Randell Laws v. William Stephens, Director, No. 11-20796 (5th Cir. 2013)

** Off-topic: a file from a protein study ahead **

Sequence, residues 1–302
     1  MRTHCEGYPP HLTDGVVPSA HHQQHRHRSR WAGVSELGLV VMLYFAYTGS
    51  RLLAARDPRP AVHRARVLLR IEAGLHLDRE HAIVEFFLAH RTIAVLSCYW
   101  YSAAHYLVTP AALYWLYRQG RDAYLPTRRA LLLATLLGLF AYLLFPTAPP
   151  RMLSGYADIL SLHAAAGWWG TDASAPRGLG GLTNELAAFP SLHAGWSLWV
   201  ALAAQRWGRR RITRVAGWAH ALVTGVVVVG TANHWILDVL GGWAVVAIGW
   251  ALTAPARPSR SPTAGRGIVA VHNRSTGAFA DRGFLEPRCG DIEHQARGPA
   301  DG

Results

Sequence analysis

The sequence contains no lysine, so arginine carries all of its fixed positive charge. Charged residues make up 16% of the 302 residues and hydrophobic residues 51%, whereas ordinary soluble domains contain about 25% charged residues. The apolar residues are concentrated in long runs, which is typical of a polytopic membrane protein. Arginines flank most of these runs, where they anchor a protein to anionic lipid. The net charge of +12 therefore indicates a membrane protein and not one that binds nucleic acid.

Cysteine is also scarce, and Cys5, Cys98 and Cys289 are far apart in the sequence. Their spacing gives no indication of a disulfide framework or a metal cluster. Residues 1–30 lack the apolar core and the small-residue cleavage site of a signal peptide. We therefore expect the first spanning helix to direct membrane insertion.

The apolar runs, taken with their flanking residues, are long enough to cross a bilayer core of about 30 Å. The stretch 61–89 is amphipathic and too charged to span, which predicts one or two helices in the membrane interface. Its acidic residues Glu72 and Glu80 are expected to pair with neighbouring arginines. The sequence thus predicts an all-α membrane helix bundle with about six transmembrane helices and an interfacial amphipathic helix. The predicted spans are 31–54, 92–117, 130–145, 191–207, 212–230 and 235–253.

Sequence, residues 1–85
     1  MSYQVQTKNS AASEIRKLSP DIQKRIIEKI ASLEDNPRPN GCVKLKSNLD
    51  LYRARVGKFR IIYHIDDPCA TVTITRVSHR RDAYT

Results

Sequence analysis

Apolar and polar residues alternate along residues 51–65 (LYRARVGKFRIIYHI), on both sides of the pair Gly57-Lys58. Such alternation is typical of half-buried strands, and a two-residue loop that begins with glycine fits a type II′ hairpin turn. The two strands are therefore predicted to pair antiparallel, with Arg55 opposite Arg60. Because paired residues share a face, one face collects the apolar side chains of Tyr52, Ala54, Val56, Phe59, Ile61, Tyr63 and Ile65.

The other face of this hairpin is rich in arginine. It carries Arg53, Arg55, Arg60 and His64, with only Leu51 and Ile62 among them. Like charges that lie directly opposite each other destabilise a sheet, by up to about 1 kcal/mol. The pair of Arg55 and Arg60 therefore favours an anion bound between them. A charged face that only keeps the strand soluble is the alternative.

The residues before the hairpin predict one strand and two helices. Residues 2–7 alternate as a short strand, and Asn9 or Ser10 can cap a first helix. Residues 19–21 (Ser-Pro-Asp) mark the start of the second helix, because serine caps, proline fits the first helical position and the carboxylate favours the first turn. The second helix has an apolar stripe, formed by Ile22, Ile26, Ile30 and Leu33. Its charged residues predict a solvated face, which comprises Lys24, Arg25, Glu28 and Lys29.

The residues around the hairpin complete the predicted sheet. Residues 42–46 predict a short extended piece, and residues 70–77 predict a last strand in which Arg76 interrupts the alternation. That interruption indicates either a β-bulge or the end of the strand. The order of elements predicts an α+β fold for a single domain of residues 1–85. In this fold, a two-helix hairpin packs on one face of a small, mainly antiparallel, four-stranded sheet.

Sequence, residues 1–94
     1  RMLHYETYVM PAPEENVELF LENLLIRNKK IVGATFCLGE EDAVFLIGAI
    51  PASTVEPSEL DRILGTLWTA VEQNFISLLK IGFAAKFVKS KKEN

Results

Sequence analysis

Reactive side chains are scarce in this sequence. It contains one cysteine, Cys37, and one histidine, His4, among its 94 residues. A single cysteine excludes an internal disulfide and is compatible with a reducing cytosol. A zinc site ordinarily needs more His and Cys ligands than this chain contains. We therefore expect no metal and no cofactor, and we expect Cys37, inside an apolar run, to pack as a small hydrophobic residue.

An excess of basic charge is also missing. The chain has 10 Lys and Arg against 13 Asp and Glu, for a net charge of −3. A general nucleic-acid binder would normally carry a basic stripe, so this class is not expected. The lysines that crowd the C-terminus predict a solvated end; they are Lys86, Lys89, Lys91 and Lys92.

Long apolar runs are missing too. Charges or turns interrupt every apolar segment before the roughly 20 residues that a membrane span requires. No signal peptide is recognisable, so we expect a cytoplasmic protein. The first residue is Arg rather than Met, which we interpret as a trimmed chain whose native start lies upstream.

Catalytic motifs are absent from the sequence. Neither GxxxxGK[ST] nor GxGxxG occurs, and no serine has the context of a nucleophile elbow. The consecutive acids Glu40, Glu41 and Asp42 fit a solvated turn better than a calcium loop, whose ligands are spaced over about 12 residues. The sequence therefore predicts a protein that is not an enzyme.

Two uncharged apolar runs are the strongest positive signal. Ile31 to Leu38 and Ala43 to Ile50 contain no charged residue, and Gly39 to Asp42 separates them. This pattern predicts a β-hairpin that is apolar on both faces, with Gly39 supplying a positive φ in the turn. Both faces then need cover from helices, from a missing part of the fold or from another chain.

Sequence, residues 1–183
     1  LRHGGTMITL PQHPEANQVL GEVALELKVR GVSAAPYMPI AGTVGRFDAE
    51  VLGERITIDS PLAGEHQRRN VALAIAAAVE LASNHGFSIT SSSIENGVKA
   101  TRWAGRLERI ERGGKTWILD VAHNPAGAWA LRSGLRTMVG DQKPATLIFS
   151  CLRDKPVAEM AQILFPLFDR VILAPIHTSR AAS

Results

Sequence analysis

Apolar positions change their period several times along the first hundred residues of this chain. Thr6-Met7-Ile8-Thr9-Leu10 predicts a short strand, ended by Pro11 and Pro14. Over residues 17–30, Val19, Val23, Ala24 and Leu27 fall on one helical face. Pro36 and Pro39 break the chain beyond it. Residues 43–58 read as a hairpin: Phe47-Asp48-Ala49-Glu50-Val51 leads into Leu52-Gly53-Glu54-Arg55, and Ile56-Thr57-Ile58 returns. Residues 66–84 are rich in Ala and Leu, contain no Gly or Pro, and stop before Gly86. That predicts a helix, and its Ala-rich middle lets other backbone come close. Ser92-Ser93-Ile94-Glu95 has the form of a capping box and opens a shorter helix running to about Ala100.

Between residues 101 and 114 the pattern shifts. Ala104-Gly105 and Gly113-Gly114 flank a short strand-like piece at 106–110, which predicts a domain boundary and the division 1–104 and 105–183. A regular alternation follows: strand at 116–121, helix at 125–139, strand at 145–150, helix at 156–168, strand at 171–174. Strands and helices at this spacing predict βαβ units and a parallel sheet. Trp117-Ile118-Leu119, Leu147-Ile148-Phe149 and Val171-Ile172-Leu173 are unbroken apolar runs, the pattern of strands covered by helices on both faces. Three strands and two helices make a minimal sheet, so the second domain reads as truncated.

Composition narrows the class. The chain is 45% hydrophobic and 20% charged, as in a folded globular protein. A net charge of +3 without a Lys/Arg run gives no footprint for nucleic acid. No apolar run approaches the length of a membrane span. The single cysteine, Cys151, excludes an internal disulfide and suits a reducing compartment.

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Case: 11-20796 Document: 00512310013 Page: 1 Date Filed: 07/16/2013 IN THE UNITED STATES COURT OF APPEALS United States Court of Appeals FOR THE FIFTH CIRCUIT Fifth Circuit FILED July 16, 2013 No. 11-20796 Lyle W. Cayce Clerk RANDELL GLEN LAWS, Petitioner Appellant v. WILLIAM STEPHENS, DIRECTOR, TEXAS DEPARTMENT OF CRIMINAL JUSTICE, CORRECTIONAL INSTITUTIONS DIVISION, Respondent Appellee Appeal from the United States District Court for the Southern District of Texas U.S.D.C. No. 4:07-CV-4472 Before SMITH, HAYNES, and GRAVES, Circuit Judges. PER CURIAM:* Petitioner Randell Glen Laws appeals from the district court s denial of his federal habeas petition. Because Laws fails to show that he was denied his constitutional right to a speedy trial or that the state courts unreasonably rejected his ineffective assistance of appellate counsel claim, we AFFIRM. * Pursuant to 5TH CIR. R. 47.5, the court has determined that this opinion should not be published and is not precedent except under the limited circumstances set forth in 5TH CIR. R. 47.5.4. Case: 11-20796 Document: 00512310013 Page: 2 Date Filed: 07/16/2013 No. 11-20796 I. Facts and Procedural History Fifteen years after Lyle Sacry s death, a cold-case investigation implicated Laws and two of his former relatives. The three were charged with murder and arrested. Laws s former relatives challenged extradition from West Virginia, but Laws waived extradition from Florida. The day after Laws returned to Texas, the state court appointed Randall Ayers as trial counsel. Nearly twenty-three months passed before Laws stood trial. The State initially waited for the putative co-defendants extradition, but it ultimately decided against trying them with Laws and declined to present their testimony. The State also moved for numerous continuances. Laws acquiesced to almost all of them, but he objected on a few instances. He twice moved for a speedy trial and on one occasion wrote to the state trial judge to complain about the delay. Even so, Laws showed some ambivalence about the lengthy pretrial process. He filed a wide-ranging motion for discovery on the same day he filed his first motion for a speedy trial. He twice moved for additional investigative resources the second time sixteen months after his arrest. A jury eventually convicted Laws of murder, and he was sentenced to ninety-nine years in prison. Represented by Layton Duer on appeal, Laws contended that insufficient evidence supported the verdict. The intermediate appellate court affirmed Laws s conviction, and the Court of Criminal Appeals refused his petition for review. See Laws v. State, No. 01-04-847-CR, 2006 WL 241313 (Tex. App. Houston [1st Dist.] 2006, pet. ref d) (unpublished). Laws timely filed for state habeas relief pro se, asserting in relevant part that the State violated his state and federal speedy-trial rights and that Ayers and Duer rendered ineffective assistance. Laws alleged that Ayers failed to aggressively assert his speedy-trial rights and that Duer failed to brief a speedytrial claim on direct appeal. The state trial court procedurally barred Laws s speedy-trial claim, ruling that such claims were not cognizable in Texas habeas 2 Case: 11-20796 Document: 00512310013 Page: 3 Date Filed: 07/16/2013 No. 11-20796 proceedings, and determined that Laws received sufficient representation and suffered no prejudice. The Court of Criminal Appeals denied habeas relief on the trial court s findings without holding a hearing or issuing an order providing reasons. Laws then filed for federal habeas relief, raising essentially the same issues he had presented in state court. The State moved for summary judgment, but conceded at a hearing that Laws did not procedurally default his Sixth Amendment speedy-trial claim. The magistrate judge concluded that the State violated Laws s speedy-trial rights and that Duer was constitutionally ineffective on direct appeal. He recommended granting habeas relief, and Laws moved for release from confinement. The district court withdrew the reference and denied habeas relief. Applying de novo review to Laws s speedy-trial claim, the district court determined that the claim failed on its merits and, alternatively, that it was procedurally barred. Analyzing Laws s ineffective-assistance claim under the Antiterrorism and Effective Death Penalty Act of 1996 ( AEDPA ), the court ruled that Duer had no obligation to raise every nonfrivolous issue on appeal and that, regardless, Laws suffered no prejudice because the underlying speedy-trial claim lacked merit. Laws moved for a Certificate of Appealability ( COA ), which the district court denied. This court granted a COA on (1) whether Laws was denied his constitutional right to speedy trial; and (2) whether Laws was denied his constitutional right to the effective assistance of counsel because counsel did not raise the speedy trial issue on direct appeal. Laws v. Thaler, No. 11-20796, slip op. at 2 (5th Cir. Aug. 8, 2012). We consider these issues in turn. 3 Case: 11-20796 Document: 00512310013 Page: 4 Date Filed: 07/16/2013 No. 11-20796 II. Speedy-Trial Claim1 In line with the district court s ruling, the State insists that Laws s speedytrial claim is procedurally barred. A state procedural default, however, does not always preclude our review. We may reach the merits of potentially defaulted claims and even apply de novo review when doing so would result in the denial of habeas relief. See Berghuis v. Thompkins, 130 S. Ct. 2250, 2265 (2010) ( Courts can . . . deny writs of habeas corpus under § 2254 by engaging in de novo review when it is unclear whether AEDPA deference applies, because a habeas petitioner will not be entitled to a writ of habeas corpus if his or her claim is rejected on de novo review, see § 2254(a). ); Roberts v. Thaler, 681 F.3d 597, 605 (5th Cir.), cert. denied, 133 S. Ct. 529 (2012) ( While our normal procedure is to consider issues of procedural default first, we may nonetheless opt to examine the merits first, especially when procedural default turns on difficult questions of state law. ). Because Laws s speedy-trial claim fails under de novo review, we do not consider whether the district court properly reimposed the procedural bar despite the State s concession that it did not apply.2 1 We confine our review of this claim to the state court record. Although Laws s speedytrial claim was not adjudicated on the merits in state court, § 2254(e)(2) still restricts the discretion of federal habeas courts to consider new evidence. Cullen v. Pinholster, 131 S. Ct. 1388, 1401 (2011). We may consider only new facts that could not have been previously discovered through the exercise of due diligence and that would be sufficient to establish by clear and convincing evidence that but for constitutional error, no reasonable factfinder would have found the applicant guilty of the underlying offense. 28 U.S.C. § 2254(e)(2)(A)(ii), (e)(2)(B). Because Laws provides no real explanation for why he could not have obtained affidavits from his mother, Ayers, and himself during state habeas proceedings, § 2254(e)(2) prevents us from considering the affidavits submitted in the district court. See Williams v. Taylor, 529 U.S. 420, 435 (2000); Conner v. Quarterman, 477 F.3d 287, 293 (5th Cir. 2007). 2 We note, however, that Texas law permits defendants to raise Sixth Amendment speedy-trial claims both on direct appeal and in post-conviction proceedings. See, e.g., Ex parte Irvan, No. WR-75428-01, 2011 WL 2378184, at *1 (Tex. Crim. App. 2011) (unpublished) (noting that Texas law bars state law speedy-trial claims from collateral proceedings, but that the right to a speedy trial under the federal constitution[] is cognizable ); Ex parte Graves, 70 S.W.3d 103, 109 (Tex. Crim. App. 2002) ( [B]oth federal and Texas courts have confined the scope of post-conviction writs of habeas corpus to jurisdictional or fundamental defects and 4 Case: 11-20796 Document: 00512310013 Page: 5 Date Filed: 07/16/2013 No. 11-20796 The Sixth Amendment provides that, [i]n all criminal prosecutions, the accused shall enjoy the right to a speedy and public trial[.] Because it is difficult to pinpoint when a delay becomes unconstitutionally long, the Supreme Court has rejected a bright-line approach. It is . . . impossible to determine with precision when a specific delay crosses the line. Barker v. Wingo, 407 U.S. 514, 521 (1972). Thus, [t]he right of a speedy trial is necessarily relative, and courts must apply a functional analysis of the right in the particular context of the case[.] Id. at 522 (citation omitted). That analysis consists of four separate enquiries: [1] whether delay before trial was uncommonly long, [2] whether the government or the criminal defendant is more to blame for that delay, [3] whether, in due course, the defendant asserted his right to a speedy trial, and [4] whether he suffered prejudice as the delay s result. Doggett v. United States, 505 U.S. 647, 651 (1992) (citing Barker, 407 U.S. at 530). Considering the first factor, the nearly 23-month delay between Laws s arrest and trial weighs, at most, only slightly in his favor. See Amos v. Thornton, 646 F.3d 199, 206 07 (5th Cir. 2011) (reasoning that a delay of less than thirty months precludes the first Barker factor from strongly favor[ing] the accused ); Goodrum v. Quarterman, 547 F.3d 249, 260 (5th Cir. 2008) (noting that a presumption of prejudice from delay alone applies only where the delay is at least [five] years ). Because this first factor serves a dual function as both a substantive Barker factor and a threshold requirement, we need not analyze the remaining factors unless the case involves a delay of over twelve months. See United States v. Schreane, 331 F.3d 548, 553 (6th Cir. 2003). As the delay here exceeds the 12-month trigger, we move on to the second factor.3 constitutional claims. Violations of statutes, rules, or other non-constitutional doctrines are not recognized. (emphasis added) (footnote omitted) (collecting cases)). 3 We note that much of the delay should not count towards the speedy-trial clock. About eleven months were spent waiting for the extradition of potential co-defendants. See 5 Case: 11-20796 Document: 00512310013 Page: 6 Date Filed: 07/16/2013 No. 11-20796 The second Barker factor which party is more responsible for the delay primarily concerns the justification for the delay. [D]ifferent weights should be assigned to different reasons. Barker, 407 U.S. at 531. Delays engineered to hamper the defense are weighted heavily against the government. Id. Those caused by negligence or overcrowded courts, however, are weighted less heavily. Id. Some reasons, such as a missing witness, should serve to justify appropriate delay and will not count against the government. Id. Laws admits that the State did not intend to prejudice his defense through the delays and that some delay was caused by the extradition challenges. That said, the State moved for virtually all of the continuances, and it concedes that one delay was caused by the trial court and at least another by the prosecutor. Even if these delays slightly weigh against the State, however, Laws agreed to the vast majority of resets.4 At most, then, the second factor is neutral. See Schreane, 331 F.3d at 554 (concluding that the second Barker factor favored no one when delay could be blamed on both parties). Turning to the third factor, the failure to assert the right will make it difficult for a defendant to prove that he was denied a speedy trial. Barker, 407 U.S. at 532. But not every invocation of the right will do. Defendants must United States v. Parker, 505 F.3d 323, 327 (5th Cir. 2007) (noting, in the Speedy Trial Act context, that the speedy trial clock begins to run once all co-defendants have appeared in court); United States v. Hernandez, 457 F.3d 416, 421 (5th Cir. 2006) ( doubt[ing] that delay incurred due to the Government waiting on a witness amounted even to official negligence, even though the witness ultimately did not testify). Some of the delays, moreover, were attributable to Laws s requests for discovery and investigative resources. See Nelson v. Hargett, 989 F.2d 847, 852 (5th Cir. 1993) ( The speedy trial clock is properly tolled in cases where responsibility for the delay lies with the defendant rather than the state. ). Although we decline to subtract months from the speedy-trial clock to pretermit a full Barker inquiry, the delay for speedy-trial purposes likely weighs even less in Laws s favor. 4 When Laws opposed resets, he did so in close proximity to requests for more investigation and discovery, suggesting that he could benefit from additional time. 6 Case: 11-20796 Document: 00512310013 Page: 7 Date Filed: 07/16/2013 No. 11-20796 appropriately assert[] their speedy-trial rights, as viewed in light of [their] other conduct. United States v. Loud Hawk, 474 U.S. 302, 314 (1986). Thus, it is possible for a defendant to insufficiently assert his speedy-trial rights despite repeatedly mov[ing] for dismissal on speedy trial grounds. Id. That is what occurred here. Laws s first motion for a speedy trial filed over eight months after his arrest only generically alleged that the delay had prejudiced and harmed him. The motion also insufficiently asserted the right in light of Laws s other conduct. He concurrently signed an Agreed Setting form and took other actions suggesting that he was not, in fact, ready for trial. See Millard v. Lynaugh, 810 F.2d 1403, 1406 (5th Cir. 1987) (explaining why a petitioner s speedy-trial motions were not a sincere effort to obtain a speedy trial ). Laws s second speedy-trial motion demanded only his release and the indictment s dismissal, an improper assertion of speedy-trial rights. See, e.g., Barker, 407 U.S. at 534 35; United States v. Frye (Frye II), 489 F.3d 201, 212 (5th Cir. 2007) ( A motion for dismissal is not evidence that the defendant wants to be tried promptly. ). Throughout the pretrial proceedings, moreover, Laws signed numerous Agreed Setting forms without objection.5 Because Laws insufficiently and inconsistently asserted his speedy-trial rights, the third Barker factor supports the State. See Goodrum, 547 F.3d at 259 (observing that this factor hinges on the frequency and forcefulness of the defendant s invocation ); Parker, 505 F.3d at 329 30. Because the first three factors do not heavily support Laws, he must prove that he suffered actual prejudice to prevail on the fourth Barker factor. See Goodrum, 547 F.3d at 260 61; Frye II, 489 F.3d at 212. In analyzing prejudice, 5 Between October 15, 2002, and May 25, 2004, Laws signed ten Agreed Setting forms without any record objection. He objected to a reset only twice, and even then did so insufficiently. On May 27, 2003, Laws simultaneously signed an Agreed Setting form and moved for a speedy trial and discovery. On November 11, 2003, he objected to a continuance on an Agreed Setting form, only to later move for additional investigative resources. 7 Case: 11-20796 Document: 00512310013 Page: 8 Date Filed: 07/16/2013 No. 11-20796 we look to three interests that the speedy-trial right was designed to protect : (i) to prevent oppressive pretrial incarceration; (ii) to minimize anxiety and concern of the accused; and (iii) to limit the possibility that the defense will be impaired. Barker, 407 U.S. at 532. [T]he most serious [concern] is the last, because the inability of a defendant adequately to prepare his case skews the fairness of the entire system. Id. Laws concedes that the delay did not impair his defense. Thus, his speedy-trial claim rests entirely on showing that he suffered oppressive pretrial incarceration or anxiety. Laws does not satisfy that difficult burden. We recognize that a pretrial diagnosis of cancer undeniably caused Laws anxiety, though we note that he received treatment and would have endured that anxiety outside prison. See Frye II, 489 F.3d at 213 (citing Gray v. King, 724 F.2d 1199, 1204 (5th Cir. 1984)). The Supreme Court has suggested that living under a cloud of suspicion and anxiety for four years constitutes only minimal prejudice absent an effect on a defendant s trial. Barker, 407 U.S. at 534. As mentioned above, Laws concedes that he has failed to demonstrate trial-related prejudice.6 Balancing the Barker factors, we conclude that Laws s speedy-trial claim lacks merit. The delay here was not unusually long,7 and a good portion of it was 6 Laws s cold-case murder conviction also is serious enough to mitigate a showing of non-trial prejudice. See Barker, 407 U.S. at 531; United States v. Bishop, 629 F.3d 462, 466 (5th Cir. 2010) (noting that a case s complexity concerns the prejudice factor). 7 See Loud Hawk, 474 U.S. at 304 05 (denying speedy-trial relief; 90-month delay); Barker, 407 U.S. at 534, 536 (same, four-year delay); Amos, 646 F.3d at 203, 209 (same; state court could easily conclude 16-month delay did not violate speedy-trial rights); Bishop, 629 F.3d at 467 68 (same, at least 22-months delay post-indictment); United States v. Harris, 566 F.3d 422, 428, 433 (5th Cir. 2009) (same; three-year delay); Goodrum, 547 F.3d at 260, 266 (same, 30-month delay); Parker, 505 F.3d 328, 330 (same, 17-month delay); Frye II, 489 F.3d at 210, 213 (same, 47-month delay); United States v. Robinson, 455 F.3d 602, 607 09 (6th Cir. 2006) (same, 29-month delay); United States v. Serna-Villareal, 352 F.3d 225, 232 33 (5th Cir. 2003) (same; 45-month delay); Millard, 810 F.2d at 1406 07 (same, 18-month delay); cf. Doggett, 505 U.S. 650, 658 (granting speedy-trial relief; 8.5-year delay); United States v. Molina-Solorio, 577 F.3d 300, 304, 308 (5th Cir. 2009) (same, almost a 10-year delay). 8 Case: 11-20796 Document: 00512310013 Page: 9 Date Filed: 07/16/2013 No. 11-20796 justified or attributable to Laws. Laws inconsistently and insufficiently asserted his speedy-trial rights and fails to show particularized prejudice sufficient to overcome the first three Barker factors. See Robinson, 455 F.3d at 608 ( In the absence of particularized trial prejudice, delay attributable to the government s negligence has typically been shockingly long to warrant a finding of prejudice. (quoting Schreane, 331 F.3d at 559)). III. Ineffective Assistance Claim8 Because Laws s speedy-trial claim lacks merit, his ineffective assistance claim necessarily fails. To succeed on an ineffective assistance claim, a defendant must show that counsel was objectively deficient and that the deficient performance prejudiced the defense. Strickland v. Washington, 466 U.S. 668, 687 (1984). Laws could not have suffered prejudice from Duer s failure to brief a nonmeritorious issue. See Smith v. Robbins, 528 U.S. 259, 285 (2000) (To show prejudice, a defendant must show a reasonable probability that, but for his counsel s unreasonable failure to file a merits brief, he would have prevailed on his appeal. ).9 Even if Laws s speedy-trial claim had more force, the state court nonetheless could have reasonably concluded that briefing it would not have had a substantial probability of altering the outcome on direct appeal. See 8 Because the state courts adjudicated this claim on the merits, Pinholster mandates that we look only to the state court record, rendering Laws s affidavit evidence immaterial to our analysis. See 131 S. Ct. at 1400 ( If a claim has been adjudicated on the merits by a state court, a federal habeas petitioner must overcome the limitation of § 2254(d)(1) on the record that was before that state court. ). Relying on Smith v. Cain, 708 F.3d 628, 631 (5th Cir. 2013), Laws argues that this record limitation does not bar consideration of his affidavits because the magistrate judge concluded that the state courts unreasonably applied clearly established federal law and granted him an evidentiary hearing. But as the district court never adopted the magistrate judge s conclusions, Pinholster not Smith applies here. 9 See Robbins, 528 U.S. at 286 n.14 ( The performance component need not be addressed first. If it is easier to dispose of an ineffectiveness claim on the ground of lack of sufficient prejudice . . . that course should be followed. (quoting Strickland, 466 U.S. at 697)). 9 Case: 11-20796 Document: 00512310013 Page: 10 Date Filed: 07/16/2013 No. 11-20796 Harrington v. Richter, 131 S. Ct. 770, 786 (2011) ( Under § 2254(d), a habeas court must determine what arguments or theories supported or, as here, could have supported, the state court s decision[.] ). That conclusion is especially appropriate because the state court adjudicated Laws s ineffective-assistance claim on the merits, requiring us to review it under the doubly deferential standards of both Strickland and AEDPA. In such cases, the pivotal question is not whether defense counsel s performance fell below Strickland s standard, it is whether the state court s application of the Strickland standard was unreasonable. Id. at 785. Because it was not, we must reject Laws s ineffective assistance claim. Conclusion Laws s speedy-trial claim fails. He therefore could not have been prejudiced by appellate counsel s decision to omit that claim on direct appeal. Accordingly, we AFFIRM the district court s denial of habeas relief.10 10 This case does not involve the situation presented in Trevino v. Thaler, 133 S. Ct. 1911 (2013), because, unlike that case, the ineffective assistance of counsel claim was raised in the state habeas proceeding and, therefore, was not asserted to be procedurally defaulted in federal court. 10